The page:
Clubs from the Americas could pose a threat to the European elite – as South America's giants play Concacaf's finest | The Sun

IF THERE is a possible threat to the supremacy of the European club game, then it surely comes from the Americas.

The club game in South America has at least as much tradition as Europe, and until 30 years ago was equally as strong.

In the days when the main source of revenue was ticket sales, then the big clubs in Uruguay could compete with anyone.

Then the TV age began, and Europe understood it first, selling its product all over the planet and opening up a huge gap.

Since then, South American football has become an export industry, with the players crossing the Atlantic at an ever younger age.

In recent years some of the giant Brazilian clubs have been learning more about making money from their massive fan bases.

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But the model is still based on selling the best players to Europe, and even so, their financial resources have made it hard for the rest of South America to compete.

The last three finals of the Copa Libertadores, South America’s Champions League, have been all Brazilian affairs. This is a problem.

A solution could come from the north. Major League Soccer is a rising force – it scouts South America very well -and now, for the first time, the champions of CONCACAF (North and Central America plus the Caribbean) are from the United States.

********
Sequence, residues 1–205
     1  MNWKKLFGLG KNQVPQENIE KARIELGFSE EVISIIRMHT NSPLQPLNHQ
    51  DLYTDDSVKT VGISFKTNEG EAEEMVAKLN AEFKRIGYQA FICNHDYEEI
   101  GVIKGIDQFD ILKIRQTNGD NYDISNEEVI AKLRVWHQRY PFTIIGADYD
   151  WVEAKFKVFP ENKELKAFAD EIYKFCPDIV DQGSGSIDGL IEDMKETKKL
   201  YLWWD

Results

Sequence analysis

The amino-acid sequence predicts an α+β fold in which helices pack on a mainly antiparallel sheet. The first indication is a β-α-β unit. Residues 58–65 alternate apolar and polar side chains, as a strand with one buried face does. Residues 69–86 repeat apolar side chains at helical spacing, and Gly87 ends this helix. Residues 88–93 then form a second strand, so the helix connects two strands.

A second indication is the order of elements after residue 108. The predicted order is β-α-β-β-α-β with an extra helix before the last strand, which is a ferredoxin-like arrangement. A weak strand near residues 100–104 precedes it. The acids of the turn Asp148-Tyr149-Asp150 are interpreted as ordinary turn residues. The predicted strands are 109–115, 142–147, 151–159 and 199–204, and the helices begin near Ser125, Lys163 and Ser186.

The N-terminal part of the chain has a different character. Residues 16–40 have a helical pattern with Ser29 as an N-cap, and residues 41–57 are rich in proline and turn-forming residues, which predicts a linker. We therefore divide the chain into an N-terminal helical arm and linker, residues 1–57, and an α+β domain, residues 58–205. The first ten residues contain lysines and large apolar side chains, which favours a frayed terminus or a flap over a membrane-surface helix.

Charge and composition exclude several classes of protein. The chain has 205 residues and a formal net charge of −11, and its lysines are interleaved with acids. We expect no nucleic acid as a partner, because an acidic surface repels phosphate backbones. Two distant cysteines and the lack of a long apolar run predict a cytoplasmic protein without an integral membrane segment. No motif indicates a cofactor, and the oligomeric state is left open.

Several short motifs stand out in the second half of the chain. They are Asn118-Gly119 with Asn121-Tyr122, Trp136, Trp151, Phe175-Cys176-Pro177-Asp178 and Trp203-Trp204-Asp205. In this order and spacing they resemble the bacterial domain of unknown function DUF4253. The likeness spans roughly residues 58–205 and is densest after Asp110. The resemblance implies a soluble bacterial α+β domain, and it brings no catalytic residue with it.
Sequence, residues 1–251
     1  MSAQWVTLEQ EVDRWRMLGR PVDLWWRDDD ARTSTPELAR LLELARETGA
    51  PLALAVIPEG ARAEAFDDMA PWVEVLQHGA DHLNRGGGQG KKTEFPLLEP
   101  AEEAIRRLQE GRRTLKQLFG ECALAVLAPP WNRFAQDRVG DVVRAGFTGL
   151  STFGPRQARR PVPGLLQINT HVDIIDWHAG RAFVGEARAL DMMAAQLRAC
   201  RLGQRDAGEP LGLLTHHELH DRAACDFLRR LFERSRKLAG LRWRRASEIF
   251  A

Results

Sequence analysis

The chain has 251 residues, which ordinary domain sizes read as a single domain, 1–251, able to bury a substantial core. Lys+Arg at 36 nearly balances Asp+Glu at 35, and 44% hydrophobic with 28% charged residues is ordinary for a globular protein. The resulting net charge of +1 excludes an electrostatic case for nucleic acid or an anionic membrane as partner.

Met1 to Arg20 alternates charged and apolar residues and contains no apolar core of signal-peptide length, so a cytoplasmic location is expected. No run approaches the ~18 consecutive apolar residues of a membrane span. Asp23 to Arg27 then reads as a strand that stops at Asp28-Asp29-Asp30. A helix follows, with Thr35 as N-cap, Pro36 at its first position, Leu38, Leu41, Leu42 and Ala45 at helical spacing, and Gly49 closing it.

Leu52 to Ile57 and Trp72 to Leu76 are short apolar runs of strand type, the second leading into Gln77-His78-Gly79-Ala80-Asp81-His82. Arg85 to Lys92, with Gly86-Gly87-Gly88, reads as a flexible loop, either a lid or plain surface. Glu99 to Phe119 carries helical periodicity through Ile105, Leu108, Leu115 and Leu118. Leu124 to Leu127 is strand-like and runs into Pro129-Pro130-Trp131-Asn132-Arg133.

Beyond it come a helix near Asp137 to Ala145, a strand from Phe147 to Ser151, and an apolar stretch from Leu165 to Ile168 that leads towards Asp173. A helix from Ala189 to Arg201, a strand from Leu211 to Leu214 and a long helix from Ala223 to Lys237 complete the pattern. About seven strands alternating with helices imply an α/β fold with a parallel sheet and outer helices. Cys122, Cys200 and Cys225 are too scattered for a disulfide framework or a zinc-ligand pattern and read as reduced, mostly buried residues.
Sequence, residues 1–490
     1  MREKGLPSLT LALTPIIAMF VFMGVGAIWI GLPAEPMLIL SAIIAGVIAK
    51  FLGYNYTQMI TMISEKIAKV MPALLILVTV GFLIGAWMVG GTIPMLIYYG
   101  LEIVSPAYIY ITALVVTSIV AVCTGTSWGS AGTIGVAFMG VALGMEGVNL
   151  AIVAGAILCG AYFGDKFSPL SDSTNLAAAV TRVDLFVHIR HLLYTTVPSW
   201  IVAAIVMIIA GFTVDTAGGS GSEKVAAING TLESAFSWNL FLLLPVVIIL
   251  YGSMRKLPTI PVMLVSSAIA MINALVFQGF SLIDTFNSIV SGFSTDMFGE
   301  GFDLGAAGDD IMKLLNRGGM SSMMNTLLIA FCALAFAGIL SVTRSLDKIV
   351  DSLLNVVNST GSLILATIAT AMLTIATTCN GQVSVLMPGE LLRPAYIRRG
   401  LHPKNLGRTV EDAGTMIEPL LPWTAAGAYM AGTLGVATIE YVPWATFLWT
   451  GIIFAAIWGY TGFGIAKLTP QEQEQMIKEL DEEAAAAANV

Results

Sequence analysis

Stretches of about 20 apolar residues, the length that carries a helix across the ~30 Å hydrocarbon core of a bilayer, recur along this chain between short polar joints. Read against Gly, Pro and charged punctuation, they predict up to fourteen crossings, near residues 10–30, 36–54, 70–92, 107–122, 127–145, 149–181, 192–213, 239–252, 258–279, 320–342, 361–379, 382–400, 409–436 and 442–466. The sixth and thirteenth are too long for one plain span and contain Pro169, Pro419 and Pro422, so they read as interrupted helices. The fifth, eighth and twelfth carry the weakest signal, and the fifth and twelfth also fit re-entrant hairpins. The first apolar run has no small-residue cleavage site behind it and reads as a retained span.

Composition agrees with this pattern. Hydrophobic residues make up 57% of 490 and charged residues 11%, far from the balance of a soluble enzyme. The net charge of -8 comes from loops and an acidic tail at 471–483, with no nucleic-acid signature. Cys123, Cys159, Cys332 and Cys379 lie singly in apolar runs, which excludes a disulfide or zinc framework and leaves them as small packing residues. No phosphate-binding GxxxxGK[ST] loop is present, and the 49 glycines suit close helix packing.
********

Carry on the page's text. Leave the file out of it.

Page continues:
Over the next few days Seattle Sounders will be representing the region in the Club World Cup.

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Football in the United States has momentum behind it but lacks credibility. South American club football has credibility to burn.

In between them is Mexico, whose clubs have massive followings. Why not put them all together in a giant Pan-American competition?

One answer is the distances involved. The Americas are vast.  Buenos Aires, the capital of Argentina, is in a different hemisphere from Mexico City.

The distance between them is further than that between London and a number of cities in India.

And that is only half way on the trip to Canada. Logistical problems make it hard to organise a Champions League for the Americas.

But how about a quick tournament between the best teams from the Libertadores and the Concacaf Champions League? 

That has always seemed more viable – and last week  an important announcement was made.

Starting from next year, there is an intention to stage a Final Four competition, bringing together the best two teams from South America and from Concacaf.

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This has the potential to be very important. Where and when will it be played? How will it fit in to an already over-crowded calendar?  It is too soon to say.

But if this competition takes off then we could be looking at a sport changer, an event that shakes the domination that Europe has enjoyed over the last few decades.

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